When I thought about going to Korea, it never truly hit me that I would be spending my birthday far from home. I guess that for some people this might not seem like too big of a deal, but my birthday always falls really close to or on Thanksgiving day. This means that "birthday" has always been synonymous with "turkey" for me. This year has not really been like that. The day dawned like any other day, except for the fact that it was snowing a little bit (I wake up every morning around 6am). I talked to one of my dearest friends from high school for a bit and then my parents, and then I set off for work. I arrived around the same time as always, trying to be inconspicuous (something that is extremely hard to do since everyone greets you out loud as soon as you walk in the door- guess I'm still not used to that). Then the big boss walked in, the guy who almost never comes into the office where I work. Someone said my name. I froze. I knew I was in trouble; had someone noticed the videos of people finding good places to eat I watched last week? Could they fire me? My heart rose in my throat as I rounded the corner of a row of cubicles... There were cupcakes. I am lactose intolerant, and in Korea lactase tablets are extremely hard to get a hold of, so the cupcakes were rice cake and what I thought was frosting turned out to be colored sweet bean paste. There were two cupcakes filled with each flavor of filling, and I managed to snag the one that had chocolate in the middle, since I was the closest to the arrangement. In Korean age I am officially twenty, and the candles reflected that, something that was pretty weird to me, it actually felt like I was blowing out the candles for someone else. Essentially this whole seeing the cake thing was like having the boss at your job walk into the room and pull you over to a table where everyone else is already standing. There is some kind of treat- food on the table and your co- workers begin to sing and clap in a dignified manner before lighting two meaningless numbers sticking out of the treat on fire and having you blow them out. After that, there were presents, most of which I did not understand as well as two cards, all of which was written in Korean (that I have to translate), and the small card read "thank you" in curly letters. All in all, the whole thing was quite an experience.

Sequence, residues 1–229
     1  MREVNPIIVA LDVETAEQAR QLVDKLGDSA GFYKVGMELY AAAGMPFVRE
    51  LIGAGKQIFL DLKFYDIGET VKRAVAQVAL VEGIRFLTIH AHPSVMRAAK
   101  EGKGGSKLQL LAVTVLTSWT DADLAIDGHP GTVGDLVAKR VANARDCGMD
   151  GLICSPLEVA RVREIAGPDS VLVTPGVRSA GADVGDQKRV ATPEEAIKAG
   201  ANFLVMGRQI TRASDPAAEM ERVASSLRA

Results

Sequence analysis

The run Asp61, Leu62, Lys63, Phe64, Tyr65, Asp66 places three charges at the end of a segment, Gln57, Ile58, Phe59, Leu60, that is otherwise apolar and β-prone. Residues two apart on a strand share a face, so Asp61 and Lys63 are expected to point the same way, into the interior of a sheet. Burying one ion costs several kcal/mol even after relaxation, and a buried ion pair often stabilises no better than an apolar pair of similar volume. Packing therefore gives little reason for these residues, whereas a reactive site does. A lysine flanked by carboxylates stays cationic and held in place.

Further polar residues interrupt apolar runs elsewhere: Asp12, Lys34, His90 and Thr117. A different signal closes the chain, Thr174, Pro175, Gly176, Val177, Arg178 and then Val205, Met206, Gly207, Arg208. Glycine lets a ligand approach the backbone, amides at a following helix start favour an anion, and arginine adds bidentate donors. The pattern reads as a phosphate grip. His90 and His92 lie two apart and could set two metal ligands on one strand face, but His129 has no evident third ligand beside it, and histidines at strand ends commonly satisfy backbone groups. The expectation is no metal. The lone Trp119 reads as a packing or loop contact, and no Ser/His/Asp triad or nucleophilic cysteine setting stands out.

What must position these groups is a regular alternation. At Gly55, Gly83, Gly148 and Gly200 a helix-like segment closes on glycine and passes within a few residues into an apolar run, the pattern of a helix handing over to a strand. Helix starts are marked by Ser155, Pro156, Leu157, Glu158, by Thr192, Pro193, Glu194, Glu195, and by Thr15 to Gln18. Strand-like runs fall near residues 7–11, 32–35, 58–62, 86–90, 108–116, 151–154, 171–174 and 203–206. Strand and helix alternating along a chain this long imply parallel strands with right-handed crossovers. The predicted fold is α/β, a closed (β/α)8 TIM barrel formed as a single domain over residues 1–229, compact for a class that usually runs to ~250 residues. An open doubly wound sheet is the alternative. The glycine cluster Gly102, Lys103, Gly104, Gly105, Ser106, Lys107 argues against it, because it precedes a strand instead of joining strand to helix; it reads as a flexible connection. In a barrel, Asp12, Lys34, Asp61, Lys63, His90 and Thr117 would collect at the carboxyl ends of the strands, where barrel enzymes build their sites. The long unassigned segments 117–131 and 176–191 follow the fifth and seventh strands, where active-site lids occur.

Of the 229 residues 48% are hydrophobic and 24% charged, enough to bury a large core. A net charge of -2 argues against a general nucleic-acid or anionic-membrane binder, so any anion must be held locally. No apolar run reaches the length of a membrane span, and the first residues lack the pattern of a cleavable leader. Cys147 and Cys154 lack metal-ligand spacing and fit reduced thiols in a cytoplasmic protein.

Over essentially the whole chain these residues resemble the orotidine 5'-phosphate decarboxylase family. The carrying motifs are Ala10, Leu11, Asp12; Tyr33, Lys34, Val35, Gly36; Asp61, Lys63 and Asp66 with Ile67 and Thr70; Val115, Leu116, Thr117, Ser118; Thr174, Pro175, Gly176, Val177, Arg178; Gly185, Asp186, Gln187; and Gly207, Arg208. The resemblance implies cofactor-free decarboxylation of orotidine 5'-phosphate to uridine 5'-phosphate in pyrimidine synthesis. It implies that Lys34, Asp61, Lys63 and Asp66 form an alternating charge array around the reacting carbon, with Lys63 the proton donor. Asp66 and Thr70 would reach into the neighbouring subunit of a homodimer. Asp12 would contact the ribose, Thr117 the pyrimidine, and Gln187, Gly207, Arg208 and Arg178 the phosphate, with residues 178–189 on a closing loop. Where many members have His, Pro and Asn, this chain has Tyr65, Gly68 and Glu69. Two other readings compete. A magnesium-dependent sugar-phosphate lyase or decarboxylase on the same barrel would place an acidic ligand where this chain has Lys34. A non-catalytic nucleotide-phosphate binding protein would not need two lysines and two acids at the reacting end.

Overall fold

As a child I was afraid of change and would cry whenever something different or new happened, and I guess that part of myself was the tiniest bit freaked out about changing tradition, since I have spent Thanksgiving with all of my family in the same place with a lot of the same people since before I can remember. I guess nothing really changed, though, since I got to talk to my family this morning on the phone (Of course, this morning I went in to work late so I could talk to people and there was no wifi for me to Skype with in the apartment). I have to say that this has been a pretty amazing birthday, and I cannot wait for the rest of the holiday season. The excitement will build in me regardless of the attitudes of those around me, especially since my parents arrive in Korea on Christmas Day!
I also get the opportunity to go to a Thanksgiving dinner put up by a Christian fellowship in Incheon on Saturday, so I will keep y'all in the loop about that.
Elena who is now in her last year of being a teen
PS: Did anyone else notice that my coworkers sang/ chanted first, then lit the candles? Now that I think about it, that is vaguely strange to me, since in the US it is not the norm... Oh well, here's to the unknown and things you don't understand but do anyway!
Everyday Acts of Activism